Then it was Pam’s turn to be astonished — she was presented with the National Right to Read Foundation’s “Teacher of the Year” award. It was a surprise to her, and was followed by many testimonials from those who know, love, and respect her for all she has accomplished and her great love for children. It was a tearful, joyous, and very special occasion!

While I observed her first-grade class, Pam sent several students up to read to me from Phonics Pathways, each choosing what they wanted to read. I was thrilled to listen to these literate young ones! Tiny little Emily turned to the back of the book and flawlessly read a sentence from the R-controlled section of the book. I asked her if she understood what she was reading, and she then very patiently explained it to me in her very own words!


At the beginning of the year Pam had her students sit on a rug with the first page in Phonics Pathways, and they learn that letter. She wrote it on the chalkboard and showed the page on an overhead as well. She sent the page home with the students so parents can reinforce that day’s classwork. Parents had to “sign off” that the work was done.

She handed out tickets for things well done: trying hard, improvement, being on time, reading first sentence, etc. At some predetermined time tickets are traded for prizes, frequently donated by local merchants: food, crayons, pencils, drinks, bowling, etc.

After students know the short-vowel sounds they peel off and begin working in small groups. They frequently practice round robin reading, and Pam liked to use “Collections for Young Scholars” for the kindergarteners once they are reading. (She used SRA Open Court Anthology 2002 for her first graders.) She paired good readers with mediocre ones.

Pam felt nonsense words are a great aid to reading accuracy and blending automaticity. Her students practiced with nonsense words on a regular basis, sometimes having relay races. Another game was to see how many words they can read in 30 seconds.

Pam uses a portable microphone to great advantage — students turned to the same page in Phonics Pathways, and she took turns handing the microphone to students randomly, saying “You’re on the air!” As they read the passage out loud, the others must follow with their fingers on the page. Great fun for all!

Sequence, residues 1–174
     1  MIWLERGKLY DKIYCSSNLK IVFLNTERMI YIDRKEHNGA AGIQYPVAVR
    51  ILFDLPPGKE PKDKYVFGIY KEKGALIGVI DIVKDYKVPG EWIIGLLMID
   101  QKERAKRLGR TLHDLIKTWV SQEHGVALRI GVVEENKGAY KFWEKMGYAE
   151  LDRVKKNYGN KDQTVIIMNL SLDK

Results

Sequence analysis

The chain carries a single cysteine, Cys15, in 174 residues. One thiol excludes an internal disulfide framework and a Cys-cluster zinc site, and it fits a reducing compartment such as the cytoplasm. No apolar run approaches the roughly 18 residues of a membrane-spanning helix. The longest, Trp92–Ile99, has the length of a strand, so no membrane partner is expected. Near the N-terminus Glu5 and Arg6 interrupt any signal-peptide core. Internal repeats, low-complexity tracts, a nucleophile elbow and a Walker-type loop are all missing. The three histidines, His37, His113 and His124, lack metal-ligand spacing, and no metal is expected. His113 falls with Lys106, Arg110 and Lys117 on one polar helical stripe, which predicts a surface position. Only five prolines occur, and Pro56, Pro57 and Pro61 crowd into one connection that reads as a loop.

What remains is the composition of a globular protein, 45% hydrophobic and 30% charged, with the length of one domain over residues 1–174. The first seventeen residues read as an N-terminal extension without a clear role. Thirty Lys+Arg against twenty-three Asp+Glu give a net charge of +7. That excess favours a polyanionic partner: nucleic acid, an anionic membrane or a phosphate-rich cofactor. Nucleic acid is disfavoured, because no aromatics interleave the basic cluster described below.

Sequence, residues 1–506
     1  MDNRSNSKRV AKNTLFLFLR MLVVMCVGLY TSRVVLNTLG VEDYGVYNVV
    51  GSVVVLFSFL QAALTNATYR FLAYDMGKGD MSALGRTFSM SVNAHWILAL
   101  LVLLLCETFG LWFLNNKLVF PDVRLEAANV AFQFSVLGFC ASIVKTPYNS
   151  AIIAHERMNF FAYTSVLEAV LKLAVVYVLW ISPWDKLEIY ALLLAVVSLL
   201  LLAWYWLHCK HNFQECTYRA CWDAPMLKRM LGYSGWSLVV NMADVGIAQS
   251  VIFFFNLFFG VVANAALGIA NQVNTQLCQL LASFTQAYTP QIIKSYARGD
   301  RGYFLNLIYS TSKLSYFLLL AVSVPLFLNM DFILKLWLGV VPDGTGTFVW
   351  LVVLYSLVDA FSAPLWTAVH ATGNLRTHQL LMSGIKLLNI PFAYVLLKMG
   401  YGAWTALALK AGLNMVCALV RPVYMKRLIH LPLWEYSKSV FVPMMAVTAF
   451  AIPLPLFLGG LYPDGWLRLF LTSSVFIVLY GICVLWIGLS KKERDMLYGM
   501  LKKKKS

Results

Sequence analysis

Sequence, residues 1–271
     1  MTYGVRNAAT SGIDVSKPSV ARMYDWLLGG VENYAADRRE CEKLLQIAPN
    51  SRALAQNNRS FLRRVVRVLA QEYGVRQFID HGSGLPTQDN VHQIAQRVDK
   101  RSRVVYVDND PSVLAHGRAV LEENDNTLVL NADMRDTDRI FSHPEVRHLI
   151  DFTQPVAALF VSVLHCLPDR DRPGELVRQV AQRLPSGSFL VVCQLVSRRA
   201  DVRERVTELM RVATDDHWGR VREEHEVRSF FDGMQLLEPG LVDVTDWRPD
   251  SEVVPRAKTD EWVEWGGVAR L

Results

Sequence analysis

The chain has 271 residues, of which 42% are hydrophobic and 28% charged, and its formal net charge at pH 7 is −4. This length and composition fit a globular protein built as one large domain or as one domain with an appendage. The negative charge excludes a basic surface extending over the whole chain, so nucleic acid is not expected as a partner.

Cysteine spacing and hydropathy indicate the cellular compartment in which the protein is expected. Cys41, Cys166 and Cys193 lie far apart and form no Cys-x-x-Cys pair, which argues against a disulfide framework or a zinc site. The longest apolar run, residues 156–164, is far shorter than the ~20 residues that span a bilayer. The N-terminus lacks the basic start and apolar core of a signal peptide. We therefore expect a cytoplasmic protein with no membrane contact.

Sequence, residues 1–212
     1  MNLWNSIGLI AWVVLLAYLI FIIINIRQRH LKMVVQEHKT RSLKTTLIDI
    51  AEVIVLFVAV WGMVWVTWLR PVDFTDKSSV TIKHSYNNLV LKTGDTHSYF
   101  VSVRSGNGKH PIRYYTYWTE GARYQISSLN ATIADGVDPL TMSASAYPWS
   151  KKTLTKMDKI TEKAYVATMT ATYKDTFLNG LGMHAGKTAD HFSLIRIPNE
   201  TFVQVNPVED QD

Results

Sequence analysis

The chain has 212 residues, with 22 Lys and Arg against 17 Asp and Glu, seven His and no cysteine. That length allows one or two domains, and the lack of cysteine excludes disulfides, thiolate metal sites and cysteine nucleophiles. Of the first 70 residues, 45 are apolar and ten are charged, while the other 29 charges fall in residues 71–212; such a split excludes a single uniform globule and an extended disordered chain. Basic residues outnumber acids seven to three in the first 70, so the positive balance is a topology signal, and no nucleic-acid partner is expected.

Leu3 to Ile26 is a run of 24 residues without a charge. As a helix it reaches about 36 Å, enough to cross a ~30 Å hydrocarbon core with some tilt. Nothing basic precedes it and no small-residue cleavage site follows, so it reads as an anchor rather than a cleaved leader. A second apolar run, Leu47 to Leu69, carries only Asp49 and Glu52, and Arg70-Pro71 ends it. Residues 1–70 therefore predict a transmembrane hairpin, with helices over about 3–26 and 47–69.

We soon learned that after seeing these spectacular results, all kindergarten and first grade teachers at Tovashal School decided to use Phonics Pathways and Reading Pathways. ALL kindergartners are reading three-letter words, and a few of them have actually finished the entire book.


Isn’t it time to stop digging the hole we are in and just say “THE EMPEROR HAS NO CLOTHES ON” and simply go with what clearly has worked well for so many students for so many years? When will we ever learn?


What’s New? Are both books needed?

Many customers have asked me what’s new in the 10th edition of Phonics Pathways. It has the same content it had before, but is enhanced with:

1—More practice pages.

2—Three added “Fluency Reality Checks” in strategic places. These nonsense words ensure that students are reading phonetically and not by sight.

3—“Dividing Multisyllable Words”. A whole new section details the ten rules on how to divide multisyllable words, illustrated with many examples.

4—A “Short Sheet of Vowels” master page.This multisensory reinforcement is designed to use throughout the book as needed, to accelerate learning and remembering the short-vowel sounds.

Questions and Answers:

Another customer asks: “How do you use these two resources together? Do you use Phonics Pathways and then the other? Or does Reading Pathways cover everything?”

Phonics Pathways is designed to TEACH reading skills including letters and sounds, rules, pronunciation, and comprehension.

Reading Pathways is designed to DEVELOP reading skills once they are taught.

Begin by using Phonics Pathways alone through page 52, where there is a pyramid-type exercise.

Now add Reading Pathways. It is a whole book of pyramid exercises that has the same progression of skills as that in Phonics Pathways, and will help enhance and develop the skills learned in that book.

There is a free downloadable guide on how to use these books together on my website: Go to, click on “Free Downloads,”  then scroll down to “Guide to Phonics Pathways and Reading Pathways.” This little booklet explains in great detail exactly how to use these books together.

Reading Pathways begins with one word and slowly builds into phrases and sentences of gradually increasing complexity, and is shaped like a pyramid. These exercises strengthen left-to-right eye tracking, increase eye span and accelerate reading fluency.

Reading Pathways also features more challenging multisyllable word pyramid exercises and games to further develop fluency and vocabulary. It removes the fear and mystique of multisyllable words, and helps students build the strong vocabulary so critical for success in today’s rapidly-changing world.

While Phonics Pathways is a complete reading program in itself and has been very successfully used as such for over 30 years, Reading Pathways is an extra aid that will help develop, ease, and accelerate reading fluency.

Happy reading!  



Teach Comprehension?

The Question:

A customer wrote: “I was wondering what you think about teaching reading comprehension “strategies.” If students are able to read accurately and fluently will they automatically be able to comprehend the material they read?”

My Answer: